For another two years I kept waiting to get back to normal - it didn’t happen. I was struggling big time. Then one day I had an epiphany - I thought of my life as making a cake. I realised that for two years I had been trying unsuccessfully to re-make the chocolate cake of my old-life, but the ingredients had changed and it was impossible to recreate it - but I’d kept on trying anyway. Then I decided - why don’t I make a new type of cake with the ingredients I DO HAVE?

Well, life got better and better. Of course, there were a number of challenges along the way as forgot I was making a new cake and fell back into old thoughts and habits. Then I would remember and kept exploring new options by listening to my intuition, following coincidences, and overcoming the various fears that surfaced along the way.

Today my life is very different than my old chocolate-cake-life - and I’m glad! That experience reminds me that right now - the ingredients are changing and so must the cake I make.

I encourage you to take a good look at the ingredients currently in your life - is it time to experiment and create a new cake? Even if you still have the old ingredients, do you actually want to keep making the old cake - or has it just become a habit?

Wishing you well on the journey.

Continue reading for a more detailed look at how we can subconsciously create these thoughts and patterns through three case study examples Jane has prepared.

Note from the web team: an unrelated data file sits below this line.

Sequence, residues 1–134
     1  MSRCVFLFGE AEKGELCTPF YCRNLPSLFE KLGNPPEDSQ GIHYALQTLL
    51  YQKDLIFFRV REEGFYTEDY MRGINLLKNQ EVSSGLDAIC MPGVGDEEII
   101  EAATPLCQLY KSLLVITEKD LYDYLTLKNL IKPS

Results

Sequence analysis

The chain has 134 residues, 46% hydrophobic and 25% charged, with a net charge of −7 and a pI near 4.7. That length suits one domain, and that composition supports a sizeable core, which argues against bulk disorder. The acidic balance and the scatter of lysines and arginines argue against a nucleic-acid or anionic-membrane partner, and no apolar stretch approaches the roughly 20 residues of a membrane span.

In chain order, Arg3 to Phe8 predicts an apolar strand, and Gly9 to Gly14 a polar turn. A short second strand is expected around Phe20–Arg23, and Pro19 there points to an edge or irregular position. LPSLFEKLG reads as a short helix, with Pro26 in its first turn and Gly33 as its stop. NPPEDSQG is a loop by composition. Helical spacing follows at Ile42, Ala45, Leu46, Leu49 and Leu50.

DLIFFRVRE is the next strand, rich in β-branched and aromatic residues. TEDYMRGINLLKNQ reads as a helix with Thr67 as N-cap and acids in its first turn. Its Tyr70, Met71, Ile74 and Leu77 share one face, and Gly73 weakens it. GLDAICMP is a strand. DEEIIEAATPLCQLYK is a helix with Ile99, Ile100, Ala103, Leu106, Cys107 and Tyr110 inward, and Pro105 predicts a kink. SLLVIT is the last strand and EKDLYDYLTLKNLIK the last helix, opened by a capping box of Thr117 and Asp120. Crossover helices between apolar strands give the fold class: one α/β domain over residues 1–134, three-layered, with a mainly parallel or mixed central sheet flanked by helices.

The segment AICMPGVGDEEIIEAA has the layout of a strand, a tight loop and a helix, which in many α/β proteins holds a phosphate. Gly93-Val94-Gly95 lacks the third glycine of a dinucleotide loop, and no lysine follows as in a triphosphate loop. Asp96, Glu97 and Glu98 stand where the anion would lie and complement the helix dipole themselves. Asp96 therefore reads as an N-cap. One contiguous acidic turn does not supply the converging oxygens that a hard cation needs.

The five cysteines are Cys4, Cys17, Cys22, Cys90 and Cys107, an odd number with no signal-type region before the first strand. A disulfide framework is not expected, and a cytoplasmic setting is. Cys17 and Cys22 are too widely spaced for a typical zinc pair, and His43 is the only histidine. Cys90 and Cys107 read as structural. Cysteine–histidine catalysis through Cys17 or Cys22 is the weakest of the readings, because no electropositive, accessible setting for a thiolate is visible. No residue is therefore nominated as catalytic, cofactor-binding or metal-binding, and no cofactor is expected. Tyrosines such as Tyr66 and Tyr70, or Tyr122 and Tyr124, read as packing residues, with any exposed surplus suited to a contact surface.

Case Study Examples

October 17, 2020

Is there anything ‘good’ about 2020? – yes, I think so.

By Jane Ewins

The following scenarios – fictional examples – real life styled case studies – call them what you will, are all realistic situations that help explain how these thought patterns are created and how they can take control of our lives without us even knowing. These should be read in conjunction with the information contained in the main article.

Sandy’s Story

Sandy is a year 12 student who wasn’t sure whether they wanted to study hospitality next year or try their hand at getting a job in a big hotel or an airline and get some experience before deciding what to do next.

The way things look at the moment it is very unlikely Sandy could get a job in those fields, and the prospect of studying for a job that might or might not ever become available is pretty daunting, plus all the issues around on-line learning and student loans.

So now Sandy is looking at being unemployed - and Sandy is becoming increasingly depressed and lethargic, wondering what’s the point of making an effort, and feeling like people will judge Sandy as being a loser and a no-hoper. Sandy fears for the years to come. Sandy watches the news, hears so many people in the local community really struggling because of all that has happened this year and wonders where it is all heading and if and when it is going to end.

Sandy’s assessment of immediate employment /study options is probably realistic, but this doesn’t mean Sandy is a loser and a no-hoper. It does mean that a revision is required in the way Sandy (and the community) looks at what a ‘successful life’ is.

Perhaps it’s time (personally I think it’s well overdue) to decouple the perception and definition of the worth of a person by the job they do and the money they make. Perhaps next year Sandy receives Job Seeker (which in itself might need a change in name - as it implies everyone MUST have a  paid job) and spends a significant section of their time volunteering to help others, helping an elderly neighbour, or offering to keep the local community garden in tip-top condition.